eclecticism

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ec·lec·ti·cism

(ek-lek'ti-sizm),
1. A now defunct system of medicine that advocated use of indigenous plants to effect specific cures of certain signs and symptoms.
2. A system of medicine practiced by ancient Greek and Roman physicians who were not affiliated with a medical sect but who adopted the practice and teachings that they considered best from other systems.

Eclecticism

Medical history—naturopathy
An American healthcare movement founded by Dr Wooster Beach (1794–1868) that was rooted in Thomsonianism, a contemporary herb-based therapeutic system. The legacies of the Eclectics include laboratory production of drugs and elimination of crude forms of thereof, and the admission of women and minorities to their professional schools. Eclecticism disappeared by the mid-20th century.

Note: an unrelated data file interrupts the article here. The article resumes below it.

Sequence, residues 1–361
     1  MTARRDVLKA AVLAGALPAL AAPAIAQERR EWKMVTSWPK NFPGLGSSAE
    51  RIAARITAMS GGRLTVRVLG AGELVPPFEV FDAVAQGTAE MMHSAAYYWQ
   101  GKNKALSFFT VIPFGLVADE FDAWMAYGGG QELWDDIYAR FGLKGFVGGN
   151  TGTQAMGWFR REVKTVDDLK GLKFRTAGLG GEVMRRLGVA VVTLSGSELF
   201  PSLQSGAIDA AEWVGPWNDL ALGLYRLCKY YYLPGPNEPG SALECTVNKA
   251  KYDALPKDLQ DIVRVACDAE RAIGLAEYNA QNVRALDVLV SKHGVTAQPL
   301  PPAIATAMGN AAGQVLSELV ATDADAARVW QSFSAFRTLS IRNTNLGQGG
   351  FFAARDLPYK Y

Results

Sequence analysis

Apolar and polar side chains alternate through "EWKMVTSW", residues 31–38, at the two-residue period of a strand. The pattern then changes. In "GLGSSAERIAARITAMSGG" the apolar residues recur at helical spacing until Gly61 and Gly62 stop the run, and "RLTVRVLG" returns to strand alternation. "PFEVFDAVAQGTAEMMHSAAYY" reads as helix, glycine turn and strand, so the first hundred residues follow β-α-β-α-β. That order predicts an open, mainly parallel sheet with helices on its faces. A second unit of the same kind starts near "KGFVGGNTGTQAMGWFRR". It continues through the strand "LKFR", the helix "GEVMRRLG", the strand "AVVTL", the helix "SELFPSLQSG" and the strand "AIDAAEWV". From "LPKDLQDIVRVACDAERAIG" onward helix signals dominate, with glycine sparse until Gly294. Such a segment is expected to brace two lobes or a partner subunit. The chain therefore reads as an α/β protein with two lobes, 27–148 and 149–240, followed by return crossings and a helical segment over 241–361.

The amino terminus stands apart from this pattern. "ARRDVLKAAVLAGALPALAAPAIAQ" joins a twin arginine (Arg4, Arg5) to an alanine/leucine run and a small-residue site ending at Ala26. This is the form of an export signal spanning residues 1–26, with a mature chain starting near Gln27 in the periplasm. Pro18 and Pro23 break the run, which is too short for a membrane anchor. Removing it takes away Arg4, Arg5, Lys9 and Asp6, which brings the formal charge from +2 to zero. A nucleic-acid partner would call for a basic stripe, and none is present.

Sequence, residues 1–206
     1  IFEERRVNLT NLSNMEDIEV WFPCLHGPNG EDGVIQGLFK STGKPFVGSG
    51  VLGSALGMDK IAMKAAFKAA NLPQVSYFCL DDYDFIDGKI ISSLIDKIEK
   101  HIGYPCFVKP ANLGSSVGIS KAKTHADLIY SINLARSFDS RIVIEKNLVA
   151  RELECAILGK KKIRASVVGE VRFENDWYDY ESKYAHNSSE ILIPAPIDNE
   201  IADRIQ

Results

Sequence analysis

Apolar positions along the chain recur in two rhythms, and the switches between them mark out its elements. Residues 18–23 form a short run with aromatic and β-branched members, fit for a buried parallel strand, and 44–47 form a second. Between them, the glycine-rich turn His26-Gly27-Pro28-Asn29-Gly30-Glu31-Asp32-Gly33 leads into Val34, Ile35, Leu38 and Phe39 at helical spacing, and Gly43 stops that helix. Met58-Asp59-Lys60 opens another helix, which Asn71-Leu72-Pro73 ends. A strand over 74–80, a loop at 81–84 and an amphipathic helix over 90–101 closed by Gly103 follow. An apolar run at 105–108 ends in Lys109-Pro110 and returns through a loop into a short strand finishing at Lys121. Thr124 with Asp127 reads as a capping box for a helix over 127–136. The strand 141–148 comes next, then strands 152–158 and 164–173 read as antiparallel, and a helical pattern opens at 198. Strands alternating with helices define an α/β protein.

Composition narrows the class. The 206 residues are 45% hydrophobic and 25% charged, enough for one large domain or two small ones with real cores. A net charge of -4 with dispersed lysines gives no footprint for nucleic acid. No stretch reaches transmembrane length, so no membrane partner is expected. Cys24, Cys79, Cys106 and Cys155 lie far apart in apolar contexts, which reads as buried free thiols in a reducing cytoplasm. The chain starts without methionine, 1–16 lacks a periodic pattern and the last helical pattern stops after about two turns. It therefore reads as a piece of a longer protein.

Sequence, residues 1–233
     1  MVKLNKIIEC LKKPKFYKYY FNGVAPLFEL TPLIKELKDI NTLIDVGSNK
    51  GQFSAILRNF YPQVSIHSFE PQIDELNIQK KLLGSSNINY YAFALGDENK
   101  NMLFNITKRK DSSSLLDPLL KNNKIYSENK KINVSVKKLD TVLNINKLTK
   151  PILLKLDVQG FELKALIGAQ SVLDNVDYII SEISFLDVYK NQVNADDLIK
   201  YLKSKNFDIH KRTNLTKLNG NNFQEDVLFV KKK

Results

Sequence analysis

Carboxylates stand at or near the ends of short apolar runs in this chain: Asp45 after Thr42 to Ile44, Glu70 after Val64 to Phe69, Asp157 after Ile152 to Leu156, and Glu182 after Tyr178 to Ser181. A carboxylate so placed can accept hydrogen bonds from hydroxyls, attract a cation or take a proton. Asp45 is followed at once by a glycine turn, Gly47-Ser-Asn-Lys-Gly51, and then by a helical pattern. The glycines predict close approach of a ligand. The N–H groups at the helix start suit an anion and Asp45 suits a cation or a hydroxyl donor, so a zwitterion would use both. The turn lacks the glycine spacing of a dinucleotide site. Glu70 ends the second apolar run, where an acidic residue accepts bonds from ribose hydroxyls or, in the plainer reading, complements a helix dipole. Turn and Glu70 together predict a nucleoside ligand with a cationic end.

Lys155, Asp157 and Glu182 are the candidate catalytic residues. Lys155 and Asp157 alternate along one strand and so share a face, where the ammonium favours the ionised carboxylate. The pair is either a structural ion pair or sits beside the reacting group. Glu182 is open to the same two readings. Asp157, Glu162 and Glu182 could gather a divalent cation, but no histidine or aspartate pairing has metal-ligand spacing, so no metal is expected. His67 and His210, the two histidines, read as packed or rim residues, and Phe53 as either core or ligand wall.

eclecticism

(ĕk-lĕk′tĭ-sĭzm) [″ + -ismos, state of]
A system of herbal medical practice popularized in the late 19th and early 20th centuries by Finley Ellingwood.

eclecticism (i·klekˑ·t·siˈ·zm),

n the use of multiple approaches in alternative medicine selected and applied according to patient need.